10 Signs You Didn’t Get the Job After an Interview

By Mike Simpson

Let’s face facts; company hiring processes are usually a bit mysterious. Candidates may not know whether they’ll get a job offer for days or weeks after meeting with a hiring manager. Well, at least not officially. Unofficially, there can be signs you didn’t get the job after an interview.

By knowing the signs an interview went badly, you can manage your expectations and move onto new opportunities with greater ease. If you’d like to learn more, here’s what you need to know about signs you didn’t get the job after an interview.

The Moments After an Interview

Before we dig into the signs that an interview went badly, there are a few points we need to cover. First, it’s crucial not to get down on yourself prematurely. In many cases, you are your harshest critic, and there’s a good chance that you view your performance more negatively than the hiring manager does.

Second, just because you see some of the signs you didn’t get the job after an interview listed below, that doesn’t mean your job search is doomed. Your perception of the meeting may be skewed because you were anxious, for example. Additionally, not getting an offer this time doesn’t mean your next interview won’t lead to one.

Plus, you can’t read the hiring manager’s mind. There’s a chance you’re misinterpreting the situation, especially since you don’t know the hiring manager well. For example, maybe what you perceive as stand-off-ish is the hiring manager’s typical stoic nature.

In the end, you won’t know the results of your interview for sure until you get an official decision. Even if things don’t go your way, don’t beat yourself up about it. Only one person gets the job, and there may have been dozens, if not hundreds, of applicants. Plus, other opportunities will come around. You just have to keep up with your search.

While you wait to hear about the hiring manager’s decision, let the process unfold naturally. While sending a thank you email right away and following up again a week or later is fine, resist the urge to reach out too quickly or too often.

If you try to speed things up, you could make the situation worse. Hiring managers don’t like feeling pushed by candidates, so being too aggressive with your follow-up could do more harm than good.

Similarly, don’t dwell on every mistake you made. While taking a moment to reflect is fine, don’t let yourself get stuck.

Try to keep your cool and, instead of concentrating on that one job, focus your energy on your job search in general. That way, you can maintain momentum and keep your eyes set on the future.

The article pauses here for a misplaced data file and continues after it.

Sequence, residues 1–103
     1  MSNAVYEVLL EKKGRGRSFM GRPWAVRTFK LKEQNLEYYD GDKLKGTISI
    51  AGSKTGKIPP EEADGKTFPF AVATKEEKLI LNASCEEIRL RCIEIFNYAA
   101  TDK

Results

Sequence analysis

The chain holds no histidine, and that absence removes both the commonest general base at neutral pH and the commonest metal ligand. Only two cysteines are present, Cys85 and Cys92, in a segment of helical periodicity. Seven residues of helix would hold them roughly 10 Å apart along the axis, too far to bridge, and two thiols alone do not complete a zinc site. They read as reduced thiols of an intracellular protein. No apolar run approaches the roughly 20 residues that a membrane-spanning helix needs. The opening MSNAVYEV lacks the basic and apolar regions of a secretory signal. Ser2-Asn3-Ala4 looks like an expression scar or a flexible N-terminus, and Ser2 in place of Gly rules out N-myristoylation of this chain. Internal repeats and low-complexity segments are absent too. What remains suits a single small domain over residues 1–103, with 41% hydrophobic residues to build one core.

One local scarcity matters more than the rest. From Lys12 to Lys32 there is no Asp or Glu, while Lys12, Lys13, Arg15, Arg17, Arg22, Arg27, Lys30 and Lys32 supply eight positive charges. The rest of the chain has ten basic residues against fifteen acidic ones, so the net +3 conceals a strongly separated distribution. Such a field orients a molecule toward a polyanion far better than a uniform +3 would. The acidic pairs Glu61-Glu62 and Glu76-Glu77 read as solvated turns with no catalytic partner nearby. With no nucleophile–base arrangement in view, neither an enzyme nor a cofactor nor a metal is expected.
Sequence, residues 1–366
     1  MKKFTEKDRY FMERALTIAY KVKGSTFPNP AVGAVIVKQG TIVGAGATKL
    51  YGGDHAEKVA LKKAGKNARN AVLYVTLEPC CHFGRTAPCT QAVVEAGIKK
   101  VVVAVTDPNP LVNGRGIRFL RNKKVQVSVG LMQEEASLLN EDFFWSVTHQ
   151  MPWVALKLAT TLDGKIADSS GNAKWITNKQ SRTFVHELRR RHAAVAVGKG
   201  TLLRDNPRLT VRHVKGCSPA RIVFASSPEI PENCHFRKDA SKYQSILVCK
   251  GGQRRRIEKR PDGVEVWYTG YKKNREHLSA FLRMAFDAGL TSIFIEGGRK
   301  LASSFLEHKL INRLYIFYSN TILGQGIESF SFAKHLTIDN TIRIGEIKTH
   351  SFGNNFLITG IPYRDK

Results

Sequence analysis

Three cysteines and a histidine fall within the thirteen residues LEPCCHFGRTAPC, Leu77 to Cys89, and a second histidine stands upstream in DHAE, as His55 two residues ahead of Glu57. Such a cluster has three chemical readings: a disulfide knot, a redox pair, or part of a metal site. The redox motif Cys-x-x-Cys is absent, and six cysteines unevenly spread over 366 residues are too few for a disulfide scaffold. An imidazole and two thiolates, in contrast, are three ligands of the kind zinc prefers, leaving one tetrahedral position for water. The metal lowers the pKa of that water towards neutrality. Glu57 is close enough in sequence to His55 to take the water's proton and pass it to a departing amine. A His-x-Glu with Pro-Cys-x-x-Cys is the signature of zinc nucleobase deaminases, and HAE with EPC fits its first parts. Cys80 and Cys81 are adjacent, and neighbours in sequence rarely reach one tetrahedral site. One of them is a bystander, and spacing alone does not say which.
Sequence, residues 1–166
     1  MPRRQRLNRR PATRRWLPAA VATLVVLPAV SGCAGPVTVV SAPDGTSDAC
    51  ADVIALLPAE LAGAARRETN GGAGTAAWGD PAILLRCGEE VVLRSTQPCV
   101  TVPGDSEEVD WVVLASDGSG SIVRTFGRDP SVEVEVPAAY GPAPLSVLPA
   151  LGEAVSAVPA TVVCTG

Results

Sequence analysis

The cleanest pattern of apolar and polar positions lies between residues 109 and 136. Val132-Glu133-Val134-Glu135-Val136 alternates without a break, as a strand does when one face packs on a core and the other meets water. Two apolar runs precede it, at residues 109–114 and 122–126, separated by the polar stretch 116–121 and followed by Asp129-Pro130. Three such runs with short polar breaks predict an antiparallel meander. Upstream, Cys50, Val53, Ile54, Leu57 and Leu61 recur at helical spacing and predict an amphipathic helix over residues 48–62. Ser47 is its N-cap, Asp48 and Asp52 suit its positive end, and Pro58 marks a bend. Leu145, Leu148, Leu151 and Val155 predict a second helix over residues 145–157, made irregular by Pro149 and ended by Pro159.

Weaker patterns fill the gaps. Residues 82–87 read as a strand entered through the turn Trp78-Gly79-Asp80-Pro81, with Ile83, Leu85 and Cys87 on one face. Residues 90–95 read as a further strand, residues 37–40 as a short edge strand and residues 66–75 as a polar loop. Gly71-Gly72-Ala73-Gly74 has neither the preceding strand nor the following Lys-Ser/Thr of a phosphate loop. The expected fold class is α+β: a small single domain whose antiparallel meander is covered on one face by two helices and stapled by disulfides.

10 Signs You Didn’t Get the Job After an Interview

Usually, there is no way to know for sure that you didn’t get a job until you hear from the hiring manager. However, some other indicators suggest an offer isn’t likely.

Here are ten signs you didn’t get the job after an interview.

1. Cutting the Interview Short

One of the clearest signs an interview went badly is when the hiring manager cuts the meeting significantly short.

Now, being escorted out of the office five minutes before an hour-long interview is scheduled to end isn’t necessarily something to worry about. In that case, the hiring manager may have factored in the time it takes to walk you toward the exit and exchange goodbyes.

However, if you were scheduled for an hour but the hiring manager wraps things up at the 30-minute mark, that’s different. In that case, the odds are high that you won’t be selected.

2. Not Getting an Update Based on Their Timeline

If the hiring manager said they would be contacting candidates within a specific timeframe, such as one week after your interview, and you don’t hear anything at that time, that isn’t a positive sign.

While it could mean that the hiring manager encountered an unexpected delay, most won’t leave their top candidate hanging. Instead, they reach out promptly to explain that the timeline changes to keep the job seeker engaged. As a result, if you don’t hear anything within a day or two of their deadline passing, there’s a good chance that you aren’t getting an offer.

3. Crickets After Your Follow-Up Emails

If you send a properly timed thank you email or follow-up message and it goes unanswered, that could mean that the hiring manager isn’t interested in bringing you on board. Most hiring managers will respond to their preferred candidate to ensure they feel valued, at least letting them know that their message was seen. If that doesn’t happen, that could mean that they’ve set their sights elsewhere.

Now, there is also a chance that your email got buried in a sea of incoming messages. That’s why a second follow-up may not be out of the question. However, if you send a second well-timed message and you still get nothing, it’s a really strong signal that you aren’t getting hired.

4. Reposting the Job Ad

There are situations where reposting isn’t a bad sign. For example, some companies have to hire multiple people for the same role in quick succession, particularly those that bring in seasonal staff. In those instances, a reposted job ad doesn’t necessarily mean anything.

However, if the company wouldn’t need several people for the same job, seeing the job ad for the position you interviewed for reposted usually means an offer isn’t coming. Instead, they’ve decided none of the last set of candidates was a good fit and is looking for a fresh group of applicants.

5. Not Wanting Your References

As your interview draws to a close, if you’re not asked for your reference list, that usually means the hiring manager isn’t interested. After all, they don’t contact references unless they feel someone is a top contender.

Similarly, declining your offer to provide a reference list isn’t a great sign. However, in a way, it is a courtesy, as it lets you know that they aren’t planning to pursue you, albeit indirectly.

6. No Follow-Up Questions